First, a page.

The Roman settlement at Jublains

The modern town of Jublains is built on the site of a major Roman settlement and Gallo-Roman town known as Noviodium (New Town). There are four major ruins that you can see today; the temple, the baths, the amphitheatre and the fortress. These, together with the museum, offer the visitor an insight into the ancient history of the area and its peoples.

Begin with a visit to the museum and start with the introductory video (in English on request). The exhibition as a whole explains the evolution of the Mayenne over time, and shows many artifacts found on the various sites and in the surrounding area. Explanatory texts are in English and German as well as French, and an audio guide is also available. The museum includes a large model of the town as it would have been laid out during Roman times, and you can take a virtual reality tour of the fortress under your own control.

The fortress is alongside the museum and is unique in design in the known Roman empire; it was funded by the Roman administration but appears to have been for storage rather than for military purposes.

Not far up the road is the amphitheatre, donated to the town by a wealthy Gaul named Orgetorix. Excavations have shown that the site held two successive theatres, perhaps to cater for changing tastes in entertainment. Nowadays it is used for music and drama performances during the Summer.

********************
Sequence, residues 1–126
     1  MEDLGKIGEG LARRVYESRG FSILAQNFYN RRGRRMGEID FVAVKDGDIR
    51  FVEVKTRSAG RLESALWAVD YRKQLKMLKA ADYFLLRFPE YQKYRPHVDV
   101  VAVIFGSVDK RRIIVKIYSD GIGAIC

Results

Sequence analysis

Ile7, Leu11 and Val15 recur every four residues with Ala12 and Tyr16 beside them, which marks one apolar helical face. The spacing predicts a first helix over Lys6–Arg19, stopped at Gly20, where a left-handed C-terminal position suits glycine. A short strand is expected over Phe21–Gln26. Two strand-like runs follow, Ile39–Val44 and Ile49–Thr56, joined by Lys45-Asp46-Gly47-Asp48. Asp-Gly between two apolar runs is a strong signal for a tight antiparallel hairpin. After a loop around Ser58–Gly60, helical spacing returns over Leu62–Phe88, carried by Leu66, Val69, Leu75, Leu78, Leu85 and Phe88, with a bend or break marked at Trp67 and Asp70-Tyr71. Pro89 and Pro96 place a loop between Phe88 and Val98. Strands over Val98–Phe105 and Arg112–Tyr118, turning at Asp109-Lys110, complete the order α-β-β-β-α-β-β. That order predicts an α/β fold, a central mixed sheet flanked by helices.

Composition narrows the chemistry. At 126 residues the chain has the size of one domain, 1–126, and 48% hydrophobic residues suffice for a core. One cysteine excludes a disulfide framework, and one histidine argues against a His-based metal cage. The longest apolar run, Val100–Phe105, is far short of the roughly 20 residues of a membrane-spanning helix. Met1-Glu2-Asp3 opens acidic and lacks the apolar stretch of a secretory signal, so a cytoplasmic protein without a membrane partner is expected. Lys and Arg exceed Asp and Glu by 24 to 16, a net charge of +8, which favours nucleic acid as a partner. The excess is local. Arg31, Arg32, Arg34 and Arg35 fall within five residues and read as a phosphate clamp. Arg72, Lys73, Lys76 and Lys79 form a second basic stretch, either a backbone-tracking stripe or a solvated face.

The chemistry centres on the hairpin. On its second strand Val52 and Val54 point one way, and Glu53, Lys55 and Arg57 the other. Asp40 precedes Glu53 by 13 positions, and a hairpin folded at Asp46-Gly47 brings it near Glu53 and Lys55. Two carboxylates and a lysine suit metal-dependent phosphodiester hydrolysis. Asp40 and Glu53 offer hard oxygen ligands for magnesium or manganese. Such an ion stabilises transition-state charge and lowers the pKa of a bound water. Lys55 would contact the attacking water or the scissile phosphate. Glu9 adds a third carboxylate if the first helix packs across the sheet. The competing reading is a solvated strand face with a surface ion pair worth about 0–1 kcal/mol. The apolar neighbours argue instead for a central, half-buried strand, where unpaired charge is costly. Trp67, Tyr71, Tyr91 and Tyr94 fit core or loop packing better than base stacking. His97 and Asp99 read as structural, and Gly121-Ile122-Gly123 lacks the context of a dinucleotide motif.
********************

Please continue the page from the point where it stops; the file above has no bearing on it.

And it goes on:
A church was built over the Roman baths, but these been excavated anyway (and the church is no longer in use as such, though the walls remain), and this site in the town centre can be viewed whenever the museum is open.

The site of the temple is a few hundred metres to the North at the edge of the town, and explanatory texts are presented at various positions along the way, again in English, French and German.

Jublains is to the Northwest of Le DOmaine des Hallais. Follow the road to Vaiges, then North-West to Montsurs and then finally North to Jublains. The museum is open throughout the year, all day (9 AM to 6 PM) from May-September. Outside of these dates it is closed on non-holiday Mondays and at lunchtimes, also 25th December and 1st January. There is an admission charge for the museum, this is waived on the first Sunday in the month. The temple and amphitheatre are open to free access; the fortress and baths can be visited only when the museum is open.

Allow a good half day for the visit, perhaps to include a tasty lunch at the créperie beside the baths. (Booking is advisable in Summer.) The site is not far from the lake at Gué de Selle and it would be easy to combine visits to these two places.


The Roman Temple.


A close-up of the temple.


The amphitheatre.


The fortress.

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